Mike Thompson, D-Calif., said: “Every day, 30 people are killed by someone using a gun. That number jumps to 100 if you factor in accidents and suicides involving guns. The steady stream of gun violence devastates families, communities, and schools … . This status quo is not OK.

Greg Murphy, R-N.C., said the bill would “absurdly hamper people’s ability to exercise their constitutional right to defend themselves. This sort of broad government overreach does not save lives but treats everyday law-abiding citizens like criminals.”

A yes vote was to send the bill to the Senate.

Alabama

Voting yes: Sewell 

Voting no: Carl, Moore, Rogers, Aderholt, Brooks, Palmer

Extending Gun Background Checks

Voting 219 for and 210 against, the House on March 11 passed a bill (HR 1446) that would allow more time for the FBI’s National Instant Criminal Background Check System to complete reviews of impending gun sales. Now, sales automatically go through if the check is not finished within three business or weekend days. The bill would extend the window to as many as 20 business days.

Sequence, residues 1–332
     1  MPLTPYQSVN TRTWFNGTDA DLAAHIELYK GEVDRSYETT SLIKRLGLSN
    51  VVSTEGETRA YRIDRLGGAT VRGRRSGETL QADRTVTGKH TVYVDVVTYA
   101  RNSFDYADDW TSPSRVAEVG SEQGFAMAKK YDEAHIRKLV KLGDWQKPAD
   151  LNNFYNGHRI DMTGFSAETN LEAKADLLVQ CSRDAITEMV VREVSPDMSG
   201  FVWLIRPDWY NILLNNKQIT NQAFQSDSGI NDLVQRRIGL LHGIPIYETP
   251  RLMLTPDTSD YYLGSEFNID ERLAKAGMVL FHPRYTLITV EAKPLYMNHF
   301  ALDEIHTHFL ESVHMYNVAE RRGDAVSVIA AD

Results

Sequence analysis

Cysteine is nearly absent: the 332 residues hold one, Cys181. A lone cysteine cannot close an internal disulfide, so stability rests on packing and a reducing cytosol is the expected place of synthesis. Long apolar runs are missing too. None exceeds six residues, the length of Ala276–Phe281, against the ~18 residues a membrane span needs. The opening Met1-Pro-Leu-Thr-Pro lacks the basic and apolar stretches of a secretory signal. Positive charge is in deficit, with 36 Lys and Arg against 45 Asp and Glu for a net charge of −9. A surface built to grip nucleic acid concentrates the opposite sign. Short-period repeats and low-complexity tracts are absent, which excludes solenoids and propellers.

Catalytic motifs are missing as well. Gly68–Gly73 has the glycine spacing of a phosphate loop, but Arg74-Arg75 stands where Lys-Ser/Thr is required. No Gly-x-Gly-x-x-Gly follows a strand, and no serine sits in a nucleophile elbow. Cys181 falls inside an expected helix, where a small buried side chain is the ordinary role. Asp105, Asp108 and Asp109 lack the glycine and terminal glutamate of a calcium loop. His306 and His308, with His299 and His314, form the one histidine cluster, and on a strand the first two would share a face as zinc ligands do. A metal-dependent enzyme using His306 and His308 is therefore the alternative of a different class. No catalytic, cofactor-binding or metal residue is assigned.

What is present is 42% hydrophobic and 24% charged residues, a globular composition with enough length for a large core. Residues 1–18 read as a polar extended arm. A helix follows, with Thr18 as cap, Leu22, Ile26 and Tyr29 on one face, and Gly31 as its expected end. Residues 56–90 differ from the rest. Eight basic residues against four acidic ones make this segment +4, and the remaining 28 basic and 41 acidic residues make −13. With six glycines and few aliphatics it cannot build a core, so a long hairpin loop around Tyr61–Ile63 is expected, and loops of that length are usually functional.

Jerrold Nadler, D-N.Y., said the bill would “close a dangerous loophole that puts weapons in the hands of individuals who should not legally be permitted to purchase them merely because the FBI is not able to complete the background check in time.”

Kat Cammack, R-Fla., said the bill “puts the onus on individuals to contact the government if their background check hasn’t been completed in 10 days. You know who cannot afford to wait? The single mom looking to protect herself and her children from a violent ex who has just been released from jail.”

A yes vote was to send the bill to the Senate.

Alabama

Voting yes: Sewell 

Voting no: Carl, Moore, Rogers, Aderholt, Brooks, Palmer 

Checks on Undocumented Immigrants

Voting 207 for and 217 against, the House on March 11 defeated a Republican motion to HR 8 (above) requiring undocumented immigrants to be reported to U.S. Immigration and Customs Enforcement when federal background checks detect they are attempting to buy a firearm.